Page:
When will the drugs expire?


Possibly as early as September. Maybe never. It all depends on how you read the timeline of events.

Here’s what we know: In September 2014, state officials said they had enough midazolam on hand to kill nine inmates. That means the oldest drugs in the inventory could be nearly three years old.

And here’s what we found out earlier this month: In an Arizona court case last year, lawyers asked Alabama officials to give depositions on their sources of execution drugs. Anne Hill, a lawyer for the Department of Corrections, declined to name the state’s drug suppliers, but did say that Alabama last bought midazolam in 2015.

That could mean one of two things.

If the state bought drugs in both 2014 and again in 2015, Alabama may have a secure supply of drugs — a seller they can go back to again and again.

But the 2015 purchase could have another meaning.

Akorn demanded a return of its drugs in March 2015. After that, Becton-Dickinson got more mentions in court documents, but the company didn’t announce its position on death penalty drug sales until September of that year.

If Alabama bought Akorn’s drugs in 2014 and returned or destroyed them months later, the state might have bought drugs made by Becton-Dickinson between March and September of 2015.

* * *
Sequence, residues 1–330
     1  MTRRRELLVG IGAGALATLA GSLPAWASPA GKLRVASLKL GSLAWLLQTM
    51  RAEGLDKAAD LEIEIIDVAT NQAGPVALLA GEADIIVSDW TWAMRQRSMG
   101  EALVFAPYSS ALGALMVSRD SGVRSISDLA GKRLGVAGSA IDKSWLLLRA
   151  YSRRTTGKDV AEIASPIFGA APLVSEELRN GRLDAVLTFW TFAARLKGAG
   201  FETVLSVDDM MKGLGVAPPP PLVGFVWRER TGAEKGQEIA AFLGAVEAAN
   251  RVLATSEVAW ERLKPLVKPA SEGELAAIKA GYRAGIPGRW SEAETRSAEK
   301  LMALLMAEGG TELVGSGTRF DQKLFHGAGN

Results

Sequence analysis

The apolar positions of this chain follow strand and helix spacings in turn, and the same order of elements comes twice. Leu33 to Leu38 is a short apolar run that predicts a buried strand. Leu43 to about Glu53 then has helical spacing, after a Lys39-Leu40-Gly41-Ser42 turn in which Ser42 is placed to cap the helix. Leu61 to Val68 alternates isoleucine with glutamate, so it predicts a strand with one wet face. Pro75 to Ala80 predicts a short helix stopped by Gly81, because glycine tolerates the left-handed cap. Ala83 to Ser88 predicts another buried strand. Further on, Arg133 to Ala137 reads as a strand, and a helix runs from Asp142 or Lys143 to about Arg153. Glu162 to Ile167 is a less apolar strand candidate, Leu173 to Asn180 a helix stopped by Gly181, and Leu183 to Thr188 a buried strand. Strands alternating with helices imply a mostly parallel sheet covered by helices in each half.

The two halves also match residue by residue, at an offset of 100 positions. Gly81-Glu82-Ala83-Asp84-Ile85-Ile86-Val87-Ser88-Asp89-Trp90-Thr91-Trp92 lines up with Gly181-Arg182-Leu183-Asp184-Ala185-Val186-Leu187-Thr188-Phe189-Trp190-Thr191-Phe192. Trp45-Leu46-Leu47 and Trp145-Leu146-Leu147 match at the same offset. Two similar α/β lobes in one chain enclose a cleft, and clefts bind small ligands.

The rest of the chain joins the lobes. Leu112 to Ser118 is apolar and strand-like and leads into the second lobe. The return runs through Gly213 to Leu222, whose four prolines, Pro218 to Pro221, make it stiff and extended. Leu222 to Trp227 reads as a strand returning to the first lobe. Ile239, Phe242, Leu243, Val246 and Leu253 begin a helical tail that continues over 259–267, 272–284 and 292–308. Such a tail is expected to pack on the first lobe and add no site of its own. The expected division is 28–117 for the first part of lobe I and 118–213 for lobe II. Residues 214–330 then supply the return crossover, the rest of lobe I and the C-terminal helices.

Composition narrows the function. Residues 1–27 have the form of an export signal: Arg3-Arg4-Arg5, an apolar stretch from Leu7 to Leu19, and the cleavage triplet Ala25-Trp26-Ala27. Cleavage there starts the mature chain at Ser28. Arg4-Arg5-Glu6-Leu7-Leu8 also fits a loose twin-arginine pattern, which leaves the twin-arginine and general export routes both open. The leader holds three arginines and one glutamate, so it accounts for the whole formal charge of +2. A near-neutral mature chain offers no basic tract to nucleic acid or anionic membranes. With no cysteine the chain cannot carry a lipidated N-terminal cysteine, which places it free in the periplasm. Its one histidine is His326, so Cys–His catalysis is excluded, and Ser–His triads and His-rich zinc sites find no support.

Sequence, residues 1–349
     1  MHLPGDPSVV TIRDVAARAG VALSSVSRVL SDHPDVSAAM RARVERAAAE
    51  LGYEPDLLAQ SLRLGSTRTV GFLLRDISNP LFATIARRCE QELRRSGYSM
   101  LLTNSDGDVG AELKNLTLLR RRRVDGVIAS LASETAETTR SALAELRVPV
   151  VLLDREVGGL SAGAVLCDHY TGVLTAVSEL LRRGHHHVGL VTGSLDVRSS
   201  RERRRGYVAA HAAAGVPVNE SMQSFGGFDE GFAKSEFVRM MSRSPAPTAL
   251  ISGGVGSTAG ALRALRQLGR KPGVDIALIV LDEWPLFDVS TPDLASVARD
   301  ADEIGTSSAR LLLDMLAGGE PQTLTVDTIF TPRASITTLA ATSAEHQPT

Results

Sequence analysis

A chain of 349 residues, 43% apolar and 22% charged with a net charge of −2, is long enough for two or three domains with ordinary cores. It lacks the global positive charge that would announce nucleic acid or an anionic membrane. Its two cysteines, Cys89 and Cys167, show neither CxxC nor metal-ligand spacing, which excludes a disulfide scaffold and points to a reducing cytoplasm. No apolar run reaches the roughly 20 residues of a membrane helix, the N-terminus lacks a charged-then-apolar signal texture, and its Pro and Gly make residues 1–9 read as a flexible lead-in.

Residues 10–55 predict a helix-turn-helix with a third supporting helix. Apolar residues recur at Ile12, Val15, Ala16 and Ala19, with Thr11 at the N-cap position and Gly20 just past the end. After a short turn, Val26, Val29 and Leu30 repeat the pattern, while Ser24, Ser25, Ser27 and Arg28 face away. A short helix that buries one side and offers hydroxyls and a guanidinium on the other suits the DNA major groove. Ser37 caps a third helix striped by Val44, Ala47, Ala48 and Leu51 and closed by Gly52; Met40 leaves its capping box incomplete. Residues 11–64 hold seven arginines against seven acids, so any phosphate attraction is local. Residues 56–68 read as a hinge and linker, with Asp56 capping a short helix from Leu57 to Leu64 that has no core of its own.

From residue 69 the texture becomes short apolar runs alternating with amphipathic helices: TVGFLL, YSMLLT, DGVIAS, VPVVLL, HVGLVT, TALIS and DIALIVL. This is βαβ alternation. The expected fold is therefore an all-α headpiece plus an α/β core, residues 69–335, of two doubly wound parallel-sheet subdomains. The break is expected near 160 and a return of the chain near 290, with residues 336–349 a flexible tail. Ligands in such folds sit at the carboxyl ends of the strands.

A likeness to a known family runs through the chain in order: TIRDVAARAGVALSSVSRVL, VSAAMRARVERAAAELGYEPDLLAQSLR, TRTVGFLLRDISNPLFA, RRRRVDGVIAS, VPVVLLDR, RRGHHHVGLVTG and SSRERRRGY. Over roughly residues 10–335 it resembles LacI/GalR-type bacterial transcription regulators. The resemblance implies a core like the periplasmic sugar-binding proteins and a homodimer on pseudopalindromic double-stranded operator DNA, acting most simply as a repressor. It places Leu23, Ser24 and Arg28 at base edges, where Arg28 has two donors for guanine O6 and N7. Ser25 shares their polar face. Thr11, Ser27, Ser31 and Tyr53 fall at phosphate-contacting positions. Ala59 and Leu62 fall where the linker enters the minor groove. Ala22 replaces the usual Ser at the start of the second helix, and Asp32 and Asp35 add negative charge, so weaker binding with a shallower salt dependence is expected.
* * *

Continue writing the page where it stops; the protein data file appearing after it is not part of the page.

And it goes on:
Becton-Dickinson’s midazolam has a shelf life of no more than two years, according to officials at Fresenius Kabi, the company that acquired Becton’s injectable midazolam operation in 2016. If the state has a batch of Becton-Dickinson’s midazolam, purchased between March and September 2015, those drugs could expire by September, or they could be out of date already.

Drugs by other manufacturers seem to have shelf lives that aren’t much longer.

Injectable midazolam in its powder form lasts for three years unopened, said Christopher McCurdy, pharmacy professor at the University of Florida and president-elect of the the American Association of Pharmaceutical Scientists.

Officials of the Alabama attorney general’s office said they had no comment on the purchase or expiration dates of midazolam.

What evidence supports the soon-to-expire theory?


Within the last month, Alabama executed two inmates, Robert Melson and Tommy Arthur, just two weeks apart. But state officials tell The Anniston Star there are no future execution dates set.